The Faculty of Business Administration and Economics (FBAE) at Notre Dame University-Louaize (NDU), hosted leading economist Steve Hanke, a currency reformer and Professor of Applied Economics at the Johns Hopkins University, in a webinar titled “How to End Lebanon’s Economic Nightmare.”
Once a stable nation, Lebanon is facing since 2018 an economic downturn that has reached a state of crisis, characterized by a high public debt, hyperinflation, a staggering deterioration of the Lebanese currency, and a financial sector that is crippled with informal capital controls imposed by banks, severely limiting withdrawals and transfers, hence reducing approximately 80% of the population into poverty. Furthermore, the political instability thus described created an environment of widespread insecurity and uncertainty.
Given this background, and before setting recommendations to navigate out of this economic nightmare, Hanke argues that stability, especially monetary, is key to Lebanon's recovery. Lebanon's currency has been extremely volatile, making it an unreliable store of value and unit of account.
He begins by scrutinizing the role of central banking, and particularly points out that its function often contributes to economic instability and income inequality in emerging markets like Lebanon. The real source of instability comes from the fact that the Banque Du Liban engages and abuses monetary discretion and goes beyond normal policy operation by extending credits to fiscal authorities, instead of imposing hard budget constraints that limit fiscal spending. This mismanagement of operations implicates Bauque Du Liban and the fiscal authorities in what resembles a large Ponzi scheme, thereby aggravating the crisis.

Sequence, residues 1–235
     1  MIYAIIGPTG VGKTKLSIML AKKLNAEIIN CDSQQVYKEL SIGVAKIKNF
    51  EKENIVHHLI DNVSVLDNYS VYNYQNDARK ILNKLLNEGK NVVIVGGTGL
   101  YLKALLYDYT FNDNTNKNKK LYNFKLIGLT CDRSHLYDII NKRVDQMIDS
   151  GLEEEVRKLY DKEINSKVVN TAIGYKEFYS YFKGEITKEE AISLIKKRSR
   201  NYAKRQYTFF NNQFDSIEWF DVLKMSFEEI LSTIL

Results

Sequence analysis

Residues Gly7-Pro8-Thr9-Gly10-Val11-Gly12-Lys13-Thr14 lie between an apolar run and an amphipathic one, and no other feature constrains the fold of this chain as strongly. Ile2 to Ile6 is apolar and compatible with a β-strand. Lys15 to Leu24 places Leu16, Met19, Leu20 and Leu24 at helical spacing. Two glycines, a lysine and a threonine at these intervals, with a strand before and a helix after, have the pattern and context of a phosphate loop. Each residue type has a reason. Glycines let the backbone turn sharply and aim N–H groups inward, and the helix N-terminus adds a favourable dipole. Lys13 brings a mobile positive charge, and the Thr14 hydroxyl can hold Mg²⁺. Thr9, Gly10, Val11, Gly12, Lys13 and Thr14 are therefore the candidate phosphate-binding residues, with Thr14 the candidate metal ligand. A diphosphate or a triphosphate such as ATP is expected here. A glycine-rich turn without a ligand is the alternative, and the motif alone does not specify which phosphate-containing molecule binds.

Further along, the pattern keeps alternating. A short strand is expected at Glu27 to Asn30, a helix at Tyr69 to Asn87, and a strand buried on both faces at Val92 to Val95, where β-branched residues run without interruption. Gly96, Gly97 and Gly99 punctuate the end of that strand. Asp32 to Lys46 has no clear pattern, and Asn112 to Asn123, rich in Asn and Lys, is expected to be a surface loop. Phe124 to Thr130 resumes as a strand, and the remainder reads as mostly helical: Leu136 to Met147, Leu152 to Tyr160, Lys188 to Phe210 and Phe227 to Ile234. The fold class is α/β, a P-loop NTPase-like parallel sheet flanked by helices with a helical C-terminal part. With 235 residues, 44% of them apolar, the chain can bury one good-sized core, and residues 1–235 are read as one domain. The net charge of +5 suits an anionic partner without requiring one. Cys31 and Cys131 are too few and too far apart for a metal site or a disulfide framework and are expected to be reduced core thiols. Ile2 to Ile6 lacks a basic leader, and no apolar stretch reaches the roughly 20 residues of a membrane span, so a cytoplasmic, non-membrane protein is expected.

To counter these challenges, Hanke highlights his extensive and real-world experience in various countries and proposes several alternative solutions:
1. Adoption of a Foreign Currency: He suggests replacing the Lebanese pound with a more stable foreign currency, like the US dollar. This move would establish a hard budget constraint and eliminate the central bank's ability to extend credit to the government.
2. Establishment of a Currency Board: Hanke supports the implementation of a currency board where the local currency is backed 100% by foreign reserves. This would provide greater stability and restore confidence in the national currency.
3. Central Bank Reform: He proposes modifying the operations of the central bank to function more like a currency board, ensuring the Lebanese pound is backed by foreign reserves and traded at a fixed rate with an anchor currency, hence stabilizing its value.
4. Parallel Currency System: Hanke introduces the idea of a parallel currency system where a new Lebanese pound, aligned with an anchor currency, circulates alongside the old pound to free deposits from the banking system, driving the old pound out of existence over time, and offering a transitional pathway to economic stability.
5. Fiscal Rule Implementation: He recommends enforcing fiscal discipline through a rule requiring a supermajority vote in parliament for any increase in government debt or changes in tax structures. This would restrain governmental spending and borrowing, therefore, curtailing fiscal irresponsibility.
In summary, Hanke's analysis and proposals present a clear and structured roadmap for Lebanon to emerge from its economic nightmare. By focusing on monetary reforms, fiscal discipline, and the adoption of alternative central banking models, Hanke provides a pragmatic and hopeful perspective.